of course their success and their reputation as instructers are minor considerations with them, so they find on rejoining their classes, that they have not 6 lost ground.” Some of this class may faithfully discharge their duties, - but many others manifest more interest in the progress of school hours as indicated upon the dials of their watches, than they do in the proficiency of their pupils; and spend more of their strength in their own service than in that of their schools.

The regular teacher too, may have his faults. He may have but little in his character which is attractive or conciliatory. He may be too self-sufficient, too pedantic, or too haughty. He may announce his plans without any apparent

wish to explain them, should he be reasonably requested so to do. He may be an off-sided man.

If the people among whom he resides put the wheel in motion and excite the electric fluid, he may refuse to hold the conductor, and so no spark would be kindled. Should they bow in the street, he may “set his face like Aint,” and “ let his course be right onward, and thus chill all their good feelings in the very bud, and seal up by a relentless frost all the fountains of mutual sociality.

Where the foregoing causes exist they must always produce a most unhappy state of things; and the teacher who attempts to go forward while they operate, will most certainly “rue the day ” when he first set his face upon school-keeping.

It is desirable all should understand the means of avoiding these evils, if they do not exist, or of removing them where they have gained a place.

In education, as in all other things, prevention is more valuable than cure. The teacher will, therefore, spare himself many pangs, and secure the foundation of much usefulness, if he can so conduct matters, as to prevent the existence of any cause of difficulty between himself and the parents of his pupils. This business of prevention lies partly with the teacher, and partly with the parents themselves.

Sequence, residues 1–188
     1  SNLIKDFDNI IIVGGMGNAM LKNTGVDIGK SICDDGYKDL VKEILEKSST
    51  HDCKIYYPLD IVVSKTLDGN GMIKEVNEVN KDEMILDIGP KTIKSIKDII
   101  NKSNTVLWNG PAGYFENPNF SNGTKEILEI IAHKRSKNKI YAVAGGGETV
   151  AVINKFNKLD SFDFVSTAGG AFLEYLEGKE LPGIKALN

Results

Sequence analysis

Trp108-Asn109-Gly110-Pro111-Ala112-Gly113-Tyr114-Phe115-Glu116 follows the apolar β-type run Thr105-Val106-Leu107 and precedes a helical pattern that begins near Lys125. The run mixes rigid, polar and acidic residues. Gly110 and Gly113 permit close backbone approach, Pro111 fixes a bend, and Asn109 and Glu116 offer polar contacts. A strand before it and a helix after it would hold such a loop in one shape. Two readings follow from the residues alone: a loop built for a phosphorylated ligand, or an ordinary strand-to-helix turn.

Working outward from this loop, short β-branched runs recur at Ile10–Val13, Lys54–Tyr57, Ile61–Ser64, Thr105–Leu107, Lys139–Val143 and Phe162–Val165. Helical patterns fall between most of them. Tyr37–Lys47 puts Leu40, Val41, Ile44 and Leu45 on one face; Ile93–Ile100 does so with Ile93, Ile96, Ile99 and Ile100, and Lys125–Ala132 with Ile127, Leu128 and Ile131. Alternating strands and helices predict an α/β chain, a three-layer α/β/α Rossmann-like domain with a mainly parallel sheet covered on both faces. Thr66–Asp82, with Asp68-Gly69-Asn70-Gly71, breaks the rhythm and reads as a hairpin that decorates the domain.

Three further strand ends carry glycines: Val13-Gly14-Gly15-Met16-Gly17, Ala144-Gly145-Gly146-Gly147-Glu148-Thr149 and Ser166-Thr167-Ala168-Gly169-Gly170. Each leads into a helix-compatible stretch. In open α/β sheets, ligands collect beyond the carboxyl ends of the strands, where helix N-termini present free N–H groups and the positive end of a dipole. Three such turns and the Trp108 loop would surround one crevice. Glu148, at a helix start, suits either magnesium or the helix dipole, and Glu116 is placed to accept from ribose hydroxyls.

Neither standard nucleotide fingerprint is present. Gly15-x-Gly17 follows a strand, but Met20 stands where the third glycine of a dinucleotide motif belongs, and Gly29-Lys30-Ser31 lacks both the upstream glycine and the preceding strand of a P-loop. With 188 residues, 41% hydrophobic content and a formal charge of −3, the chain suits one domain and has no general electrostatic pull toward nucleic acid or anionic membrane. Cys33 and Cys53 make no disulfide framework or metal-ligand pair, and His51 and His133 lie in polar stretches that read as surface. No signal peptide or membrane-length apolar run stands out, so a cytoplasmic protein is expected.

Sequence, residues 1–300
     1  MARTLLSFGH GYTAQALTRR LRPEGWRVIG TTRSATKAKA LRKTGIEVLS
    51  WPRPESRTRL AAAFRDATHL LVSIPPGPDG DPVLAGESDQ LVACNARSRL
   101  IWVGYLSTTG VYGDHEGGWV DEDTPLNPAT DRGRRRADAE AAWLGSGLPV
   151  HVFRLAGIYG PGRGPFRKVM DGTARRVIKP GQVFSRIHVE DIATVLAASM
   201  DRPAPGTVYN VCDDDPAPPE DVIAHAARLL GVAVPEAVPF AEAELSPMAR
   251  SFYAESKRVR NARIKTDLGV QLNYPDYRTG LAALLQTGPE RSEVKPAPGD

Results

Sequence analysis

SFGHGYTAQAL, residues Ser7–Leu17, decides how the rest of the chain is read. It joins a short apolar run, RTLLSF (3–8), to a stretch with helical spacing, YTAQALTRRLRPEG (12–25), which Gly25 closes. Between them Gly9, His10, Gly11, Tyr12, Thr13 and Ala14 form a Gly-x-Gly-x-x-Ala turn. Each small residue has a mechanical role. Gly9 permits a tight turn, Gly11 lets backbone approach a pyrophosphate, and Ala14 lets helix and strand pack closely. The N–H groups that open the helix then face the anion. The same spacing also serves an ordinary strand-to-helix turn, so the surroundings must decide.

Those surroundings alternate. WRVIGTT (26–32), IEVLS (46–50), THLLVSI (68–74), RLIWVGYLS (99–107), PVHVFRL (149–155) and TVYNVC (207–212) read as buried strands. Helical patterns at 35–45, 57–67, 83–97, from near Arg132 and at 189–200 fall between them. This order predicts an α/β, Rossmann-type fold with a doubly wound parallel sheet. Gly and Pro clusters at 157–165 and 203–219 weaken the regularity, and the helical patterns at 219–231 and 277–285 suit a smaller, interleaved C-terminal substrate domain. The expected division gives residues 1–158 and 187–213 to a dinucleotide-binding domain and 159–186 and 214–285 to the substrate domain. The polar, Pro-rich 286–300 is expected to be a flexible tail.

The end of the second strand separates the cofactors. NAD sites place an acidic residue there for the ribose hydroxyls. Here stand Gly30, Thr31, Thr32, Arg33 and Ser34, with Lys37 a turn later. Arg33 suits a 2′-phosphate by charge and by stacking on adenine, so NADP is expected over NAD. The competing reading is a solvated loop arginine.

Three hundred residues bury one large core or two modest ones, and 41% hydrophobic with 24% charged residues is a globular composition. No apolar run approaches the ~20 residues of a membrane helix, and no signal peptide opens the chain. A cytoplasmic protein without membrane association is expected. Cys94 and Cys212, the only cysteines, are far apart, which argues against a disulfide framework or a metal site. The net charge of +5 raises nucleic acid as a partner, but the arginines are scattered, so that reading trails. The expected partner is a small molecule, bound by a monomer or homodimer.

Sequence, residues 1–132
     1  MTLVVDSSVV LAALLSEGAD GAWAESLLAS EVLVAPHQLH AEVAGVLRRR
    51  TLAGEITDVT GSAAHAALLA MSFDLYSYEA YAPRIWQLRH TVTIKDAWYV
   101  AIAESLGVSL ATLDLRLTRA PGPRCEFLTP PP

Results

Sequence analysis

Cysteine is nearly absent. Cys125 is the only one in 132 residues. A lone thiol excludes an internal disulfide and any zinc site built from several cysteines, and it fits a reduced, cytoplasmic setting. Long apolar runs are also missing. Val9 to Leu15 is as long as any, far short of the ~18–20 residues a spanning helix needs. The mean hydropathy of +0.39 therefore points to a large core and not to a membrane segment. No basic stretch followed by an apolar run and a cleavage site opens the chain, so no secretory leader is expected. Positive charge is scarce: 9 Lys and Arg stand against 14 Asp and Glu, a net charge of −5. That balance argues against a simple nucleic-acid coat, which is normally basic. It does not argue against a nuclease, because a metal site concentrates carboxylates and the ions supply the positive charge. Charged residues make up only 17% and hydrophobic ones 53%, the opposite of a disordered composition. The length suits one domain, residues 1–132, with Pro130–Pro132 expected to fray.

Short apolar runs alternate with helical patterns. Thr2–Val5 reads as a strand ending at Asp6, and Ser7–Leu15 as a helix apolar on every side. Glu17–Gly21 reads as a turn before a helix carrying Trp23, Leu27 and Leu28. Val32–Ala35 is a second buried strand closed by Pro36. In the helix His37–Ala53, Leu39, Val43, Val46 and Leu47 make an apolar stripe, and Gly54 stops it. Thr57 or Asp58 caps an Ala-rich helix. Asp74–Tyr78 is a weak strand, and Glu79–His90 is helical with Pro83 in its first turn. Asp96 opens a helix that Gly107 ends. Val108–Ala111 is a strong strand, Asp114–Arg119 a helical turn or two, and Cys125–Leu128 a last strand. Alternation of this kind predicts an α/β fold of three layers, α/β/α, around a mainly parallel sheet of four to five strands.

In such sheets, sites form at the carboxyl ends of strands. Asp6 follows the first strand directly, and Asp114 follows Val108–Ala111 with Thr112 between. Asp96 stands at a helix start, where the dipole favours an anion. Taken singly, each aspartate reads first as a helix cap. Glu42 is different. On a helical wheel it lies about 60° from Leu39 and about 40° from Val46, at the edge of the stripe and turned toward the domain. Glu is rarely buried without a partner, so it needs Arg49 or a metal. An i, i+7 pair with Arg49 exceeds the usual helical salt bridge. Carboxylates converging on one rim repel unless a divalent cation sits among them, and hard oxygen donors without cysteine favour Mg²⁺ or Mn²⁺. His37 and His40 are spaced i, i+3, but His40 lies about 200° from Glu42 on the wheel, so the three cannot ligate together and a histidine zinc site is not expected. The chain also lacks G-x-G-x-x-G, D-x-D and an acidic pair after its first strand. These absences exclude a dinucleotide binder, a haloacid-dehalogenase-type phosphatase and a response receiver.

We are now prepared, in consideration of these mutual deficiencies, to enter more particularly into the subject assigned. We shall, for the sake of arrangement, treat of the duties of each party separately, and shall commence with the

DUTIES OF THE TEACHER. 1. He should imbue himself with a feeling of the importance of his work. If he would gain the confidence of his employers, he must be prepared to show to them evidence of a living interest in his profession. But this cannot be shown unless it be deeply felt. In contemplating his duty, the teacher should form elevated conceptions of his sphere of action, and he should aim at nothing less than such an ascendancy over the minds of his pupils, as will enable him to govern, to instruct, and to elevate them as moral beings, as these several acts should be done.

2. He should seek frequent opportunity of intercourse with the parents. Though the advances toward this point, by the strict rules of etiquette, it would seem, should be made by the parents themselves. - (as by some it is actually and seasonably